Diego Valeri, again. And, in particular, another absurdly tidy attacking performance in which Valeri misplaced only three passes.
Perhaps nobody stands to benefit more from a diversified Timbers attack than Valeri. As the primary (and at times exclusive) playmaker in the Timbers’ setup over the last few years, there have been many times during which a lot of pressure has fallen on Valeri’s shoulders to try anything to unlock a defense.
Now, if there’s anybody on whom you have to place such a burden, Valeri isn’t at all a bad option. But if Valeri can rely on his teammates for some playmaking help and, thus, be more selective in how and where he’s looking to create, he becomes much more difficult for defenses to key on. Look at Valeri’s distribution chart against the Dynamo:
Instead of dumping balls into the box at will, Valeri was surgical. And that was in part because he had well-deployed fellow surgeons in Blanco and Nagbe with whom to work.
Stat of the Game
0 -- The number of assists Seba Blanco was awarded on the Timbers’ second goal (which, as a reminder, you can see embedded above). That is, of course, because Blanco scored the goal and, by rule, a player can’t be awarded an assist on a goal that he scores. As relevant here, Opta defines a second assist as follows:
A pass/cross that is instrumental in creating a goal-scoring opportunity, for example a corner or free-kick to a player who then assists an attempt, a chance-creating through ball or cross into a dangerous position.
Blanco’s brilliant ball to Valeri to spring the sequence is otherwise a textbook second assist. There’s an active debate about whether second assists should even be a thing in soccer statistics, but Blanco’s ball is another reminder that there really is no good reason why, if second assists are counted, a goalscorer shouldn’t be eligible to earn one.
- The Timbers were on the losing end of a number of questionable calls on Saturday, something that unquestionably contributed to their latest lost lead. And although many were quick to point to the now-imminent introduction of the Video Assistant Referee as a remedy, as we’ve seen before the Timbers may not have found justice in Houston with VAR.
- VAR would have been most likely to help the Timbers on the penalty shout in the 62nd minute when A.J. DeLaGarza kicked Sebastian Blanco in the box, but, in light of the 50-50 nature of the challenge for the ball that DeLaGarza that ultimately lost, it’s not clear whether the error would have been sufficiently clear and obvious to overturn. Just how exacting that standard will be — and just how much it will vary depending on which referee is in the center -- very much remains to be seen.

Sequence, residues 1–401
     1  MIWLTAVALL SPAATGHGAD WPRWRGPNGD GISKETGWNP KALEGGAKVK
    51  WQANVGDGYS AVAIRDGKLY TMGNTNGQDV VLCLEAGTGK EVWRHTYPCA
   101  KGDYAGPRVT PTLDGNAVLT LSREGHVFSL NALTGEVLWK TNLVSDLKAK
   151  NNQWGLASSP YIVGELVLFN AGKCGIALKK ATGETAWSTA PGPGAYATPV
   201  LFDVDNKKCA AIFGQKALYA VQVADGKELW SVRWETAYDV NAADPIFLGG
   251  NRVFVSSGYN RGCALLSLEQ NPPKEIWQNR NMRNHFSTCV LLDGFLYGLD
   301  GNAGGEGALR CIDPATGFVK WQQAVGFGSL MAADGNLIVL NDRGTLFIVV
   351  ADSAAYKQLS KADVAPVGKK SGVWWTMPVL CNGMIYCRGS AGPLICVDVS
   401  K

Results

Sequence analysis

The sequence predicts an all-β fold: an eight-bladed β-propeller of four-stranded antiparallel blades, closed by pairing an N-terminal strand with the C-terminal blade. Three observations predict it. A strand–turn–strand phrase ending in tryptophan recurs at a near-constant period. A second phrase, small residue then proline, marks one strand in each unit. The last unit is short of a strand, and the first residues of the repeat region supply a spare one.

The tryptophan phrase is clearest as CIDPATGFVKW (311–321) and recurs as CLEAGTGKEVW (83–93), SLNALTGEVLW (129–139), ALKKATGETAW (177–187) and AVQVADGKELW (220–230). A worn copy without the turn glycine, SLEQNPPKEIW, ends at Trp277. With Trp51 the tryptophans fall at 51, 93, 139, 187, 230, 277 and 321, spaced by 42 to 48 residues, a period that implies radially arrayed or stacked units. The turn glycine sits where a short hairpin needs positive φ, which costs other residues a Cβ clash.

- The new replay system, however, would not likely have been any help on any of the other controversial calls. The foul called on Jeremy Ebobisse while he appeared to earn a one-v-one look at goal just before Houston equalized in the second half would have fallen well outside the scope of calls that will be reviewed because it was not part of a goalscoring play and, of course, did not involve a question about a red card. Even Diego Chara’s questionable foul that led to the free kick on which the Dynamo scored would not have been reviewable because it did not directly lead to a goal (i.e., it didn’t occur on the play on which the Dynamo scored the goal).
- More interesting was the offside call that nullified an apparent third goal for the Timbers by way of Fanendo Adi. The call was for “passive” offside when Adi appeared to block off Leonardo after starting from an offside position before Tyler Deric’s misplay led to Chara tapping to Adi for the goal. Rather than a question about whether referee Jose Carlos Rivero correctly saw the play, however, the call — made after a discussion with the assistant referee — was simply a matter of a judgment call as to whether Adi and the Timbers gained an advantage as a result of Adi’s offside position to start the play. Regardless what you think about that judgment (and although I disagree with the judgment the referee and AR reached, I find their interpretation of the play to be reasonable), when the call is a matter of the referee’s judgment, it is unlikely that VAR will intervene.
- So, get ready for the VAR era. It will, without a doubt, both correct some errors and cause some disruption in the run of play. How much it does the two of those things will determine whether it is successfully implemented in MLS and, perhaps, in the sport more broadly. But don’t for one moment expect it to correct all errors or to remove controversy from refereeing.